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Program Tracks

Hypertext 2010 will consist of three autonomous tracks, each with its own program committee and reviewing team.

Track 1 – Social Computing
Chair:  Anabel Quan-Haase, University of Western Ontario

This track invites papers investigating social processes and practices in Hypermedia and Web 2.0 environments. These include tagging, filtering, voting, editing, trusting, and rating. These social processes result in many types of links between texts, users, concepts, pages, etc. We want to better understand the processes and practices themselves as well as the social, political, and semantic networks that result from these processes over time. Topics of interest include, but are not limited to:

  • Social information diffusion
  • Social linking
  • Social and collaborative annotation
  • Social knowledge and information representation
  • Social networking technologies (e.g., Facebook, YouTube and Twitter)
  • Mapping and visualization of social spaces and networks
  • Linking virtual networks and offline networks
  • Time analysis of social, information, and semantic networks
  • Critical mass and incentives of social participation (e.g. games)
  • Automatic and user-based evaluation

Track 2 – Adaptive Hypermedia and Applications
Chair:  Richard Kopak, University of British Columbia

The Adaptive Hypermedia and Applications track invites papers reporting on theoretical, empirical, and methodological studies on adaptive hypermedia, including the application of adaptive hypermedia in varying domains and contexts. The scope of the Adaptive Hypermedia and Applications Track includes all forms of Web and Hypermedia system generated personalization, including user modeling, recommender systems, and e-learning.   Topics may include, but are not limited to:

  • Adaptive presentation of hypermedia content
  • Adaptive navigation (link hiding, dynamic maps)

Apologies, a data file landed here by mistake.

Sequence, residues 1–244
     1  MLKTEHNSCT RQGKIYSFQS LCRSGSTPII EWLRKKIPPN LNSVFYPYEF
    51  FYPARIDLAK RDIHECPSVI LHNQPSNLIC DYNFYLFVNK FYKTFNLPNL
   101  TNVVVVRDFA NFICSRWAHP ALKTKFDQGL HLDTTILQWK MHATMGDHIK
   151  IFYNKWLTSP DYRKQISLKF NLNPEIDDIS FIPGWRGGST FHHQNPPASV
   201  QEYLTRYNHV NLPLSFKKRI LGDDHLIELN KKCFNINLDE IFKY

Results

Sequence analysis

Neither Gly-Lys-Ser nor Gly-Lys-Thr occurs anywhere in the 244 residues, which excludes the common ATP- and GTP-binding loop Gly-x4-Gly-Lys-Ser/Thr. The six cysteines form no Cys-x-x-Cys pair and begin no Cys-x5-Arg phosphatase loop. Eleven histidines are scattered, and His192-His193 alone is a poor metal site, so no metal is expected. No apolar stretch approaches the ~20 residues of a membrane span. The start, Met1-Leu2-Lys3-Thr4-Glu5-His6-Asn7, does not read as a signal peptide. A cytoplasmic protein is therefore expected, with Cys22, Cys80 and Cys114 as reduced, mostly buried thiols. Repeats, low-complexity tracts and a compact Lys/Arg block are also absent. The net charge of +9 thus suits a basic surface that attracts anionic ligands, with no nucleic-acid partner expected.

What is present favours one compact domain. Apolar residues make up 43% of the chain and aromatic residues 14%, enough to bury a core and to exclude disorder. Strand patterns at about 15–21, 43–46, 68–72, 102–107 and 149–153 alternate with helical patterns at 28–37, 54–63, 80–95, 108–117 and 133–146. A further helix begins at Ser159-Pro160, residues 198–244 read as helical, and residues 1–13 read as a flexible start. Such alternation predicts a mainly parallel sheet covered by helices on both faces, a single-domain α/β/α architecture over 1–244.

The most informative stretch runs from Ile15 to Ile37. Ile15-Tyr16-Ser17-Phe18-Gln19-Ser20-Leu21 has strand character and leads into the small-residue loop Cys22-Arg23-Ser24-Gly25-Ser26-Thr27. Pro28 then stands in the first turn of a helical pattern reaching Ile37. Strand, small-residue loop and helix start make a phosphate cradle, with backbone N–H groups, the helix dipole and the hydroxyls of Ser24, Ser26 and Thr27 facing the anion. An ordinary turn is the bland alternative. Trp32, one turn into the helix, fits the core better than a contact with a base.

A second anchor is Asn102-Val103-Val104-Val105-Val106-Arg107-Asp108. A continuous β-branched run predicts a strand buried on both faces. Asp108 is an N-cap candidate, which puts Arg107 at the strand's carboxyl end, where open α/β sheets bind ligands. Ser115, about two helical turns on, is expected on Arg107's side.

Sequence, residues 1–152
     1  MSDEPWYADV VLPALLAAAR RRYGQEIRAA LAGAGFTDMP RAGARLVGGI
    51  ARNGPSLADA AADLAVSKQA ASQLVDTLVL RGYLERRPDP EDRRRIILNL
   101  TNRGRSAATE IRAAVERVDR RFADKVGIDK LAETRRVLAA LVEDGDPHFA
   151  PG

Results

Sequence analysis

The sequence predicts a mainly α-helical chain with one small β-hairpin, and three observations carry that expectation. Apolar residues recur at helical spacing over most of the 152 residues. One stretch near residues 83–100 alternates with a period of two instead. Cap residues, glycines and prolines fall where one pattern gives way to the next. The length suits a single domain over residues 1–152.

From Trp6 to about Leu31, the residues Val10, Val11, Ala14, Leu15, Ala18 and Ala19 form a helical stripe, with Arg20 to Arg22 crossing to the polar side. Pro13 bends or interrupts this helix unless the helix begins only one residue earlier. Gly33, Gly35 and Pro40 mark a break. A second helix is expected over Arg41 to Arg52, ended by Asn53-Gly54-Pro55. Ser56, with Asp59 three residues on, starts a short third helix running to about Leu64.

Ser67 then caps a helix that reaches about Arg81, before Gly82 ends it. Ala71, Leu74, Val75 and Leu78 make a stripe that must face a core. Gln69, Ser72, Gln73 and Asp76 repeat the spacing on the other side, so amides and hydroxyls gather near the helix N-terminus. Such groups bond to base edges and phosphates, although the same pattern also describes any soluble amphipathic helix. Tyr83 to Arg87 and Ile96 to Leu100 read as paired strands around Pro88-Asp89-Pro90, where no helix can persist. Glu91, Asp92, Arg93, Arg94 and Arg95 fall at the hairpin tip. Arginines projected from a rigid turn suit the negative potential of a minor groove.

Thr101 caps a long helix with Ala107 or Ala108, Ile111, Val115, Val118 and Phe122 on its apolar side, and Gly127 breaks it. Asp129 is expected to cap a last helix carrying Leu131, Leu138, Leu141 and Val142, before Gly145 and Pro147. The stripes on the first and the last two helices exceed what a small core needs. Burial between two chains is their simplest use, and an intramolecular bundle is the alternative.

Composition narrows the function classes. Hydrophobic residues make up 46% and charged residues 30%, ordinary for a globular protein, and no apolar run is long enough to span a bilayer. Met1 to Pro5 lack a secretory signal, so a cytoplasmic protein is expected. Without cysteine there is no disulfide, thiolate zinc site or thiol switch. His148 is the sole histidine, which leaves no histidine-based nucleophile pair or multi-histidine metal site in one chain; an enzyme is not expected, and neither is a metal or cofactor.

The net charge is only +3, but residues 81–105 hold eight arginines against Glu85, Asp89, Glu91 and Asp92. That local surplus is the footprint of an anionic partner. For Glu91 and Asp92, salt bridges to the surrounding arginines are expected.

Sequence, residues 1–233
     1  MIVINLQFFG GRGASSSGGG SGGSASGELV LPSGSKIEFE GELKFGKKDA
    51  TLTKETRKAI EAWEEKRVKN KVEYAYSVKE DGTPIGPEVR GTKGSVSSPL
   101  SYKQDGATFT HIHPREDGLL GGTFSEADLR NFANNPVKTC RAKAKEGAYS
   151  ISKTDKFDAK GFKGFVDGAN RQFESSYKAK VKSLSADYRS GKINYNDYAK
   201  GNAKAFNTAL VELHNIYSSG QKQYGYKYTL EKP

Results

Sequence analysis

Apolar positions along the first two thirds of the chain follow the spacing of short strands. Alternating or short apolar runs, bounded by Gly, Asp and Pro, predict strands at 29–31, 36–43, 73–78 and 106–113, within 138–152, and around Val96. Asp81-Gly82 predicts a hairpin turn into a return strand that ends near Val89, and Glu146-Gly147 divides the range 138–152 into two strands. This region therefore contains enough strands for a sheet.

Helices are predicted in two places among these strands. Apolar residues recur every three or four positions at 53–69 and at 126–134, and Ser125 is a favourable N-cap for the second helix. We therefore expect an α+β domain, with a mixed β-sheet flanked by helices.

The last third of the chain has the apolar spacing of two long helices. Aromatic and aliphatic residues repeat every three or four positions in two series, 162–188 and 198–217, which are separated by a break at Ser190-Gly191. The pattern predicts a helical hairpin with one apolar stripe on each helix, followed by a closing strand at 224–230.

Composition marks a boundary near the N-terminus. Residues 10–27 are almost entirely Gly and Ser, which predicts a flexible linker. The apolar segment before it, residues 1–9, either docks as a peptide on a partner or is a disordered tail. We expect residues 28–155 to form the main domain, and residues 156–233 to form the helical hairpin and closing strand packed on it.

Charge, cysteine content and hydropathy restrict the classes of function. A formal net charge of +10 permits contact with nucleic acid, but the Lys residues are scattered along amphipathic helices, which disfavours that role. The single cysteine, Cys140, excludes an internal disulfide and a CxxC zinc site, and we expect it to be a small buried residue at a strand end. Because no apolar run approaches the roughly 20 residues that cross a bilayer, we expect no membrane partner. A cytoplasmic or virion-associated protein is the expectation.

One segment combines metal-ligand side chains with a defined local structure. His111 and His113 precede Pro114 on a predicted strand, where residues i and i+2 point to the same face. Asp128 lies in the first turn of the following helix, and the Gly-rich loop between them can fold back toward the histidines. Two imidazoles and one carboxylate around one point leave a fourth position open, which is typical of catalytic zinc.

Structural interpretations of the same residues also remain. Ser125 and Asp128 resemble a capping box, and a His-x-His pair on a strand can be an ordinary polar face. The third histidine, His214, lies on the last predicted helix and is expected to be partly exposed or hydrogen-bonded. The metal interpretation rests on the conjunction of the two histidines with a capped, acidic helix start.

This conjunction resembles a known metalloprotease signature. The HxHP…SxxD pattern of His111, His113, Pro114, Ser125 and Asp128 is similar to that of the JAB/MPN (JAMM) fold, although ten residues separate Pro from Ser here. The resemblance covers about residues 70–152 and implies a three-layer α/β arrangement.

• Adaptivity and the semantic Web
  • Algorithms and methods in explicit recommender systems
  • Comparison of effectiveness of implicit and explicit recommender systems
  • User modeling
  • Evaluation and usability of adaptive systems
  • Personalized e-learning
  • Personalized digital libraries

Track 3 - Hypertext in Education and Communication
Co-Chairs: Mark Bernstein, Eastgate Systems, Inc., David Millard, University of Southampton, UK

Hypertext tools are indispensable for e-learning and m-learning, and teaching. Hypertext as a discipline in its own right -- including literary fiction, new scholarship and digital media -- plays a growing role in education. This track targets hypertext as both a tool and a discipline, as well as focusing on the use of spatial hypertext and Web 2.0 applications such as blogs, wikis and e-portfolios. We hope to highlight our understanding of links as a new component of writing and communication, and to increase our understanding of the ways that they are used in education, research, journalism, and literature. Topics of interest include, but are not limited to:

  • blogs and wikis in teaching and learning
  • collaborative e-learning
  • non-linear writing and interactive fiction
  • communication theory and the web
  • concept maps and knowledge structures
  • digital narratives
  • open educational resources
  • personal learning and research tools
  • hypertext literature and art
  • e-journalism
  • digital aesthetics and cyber culture



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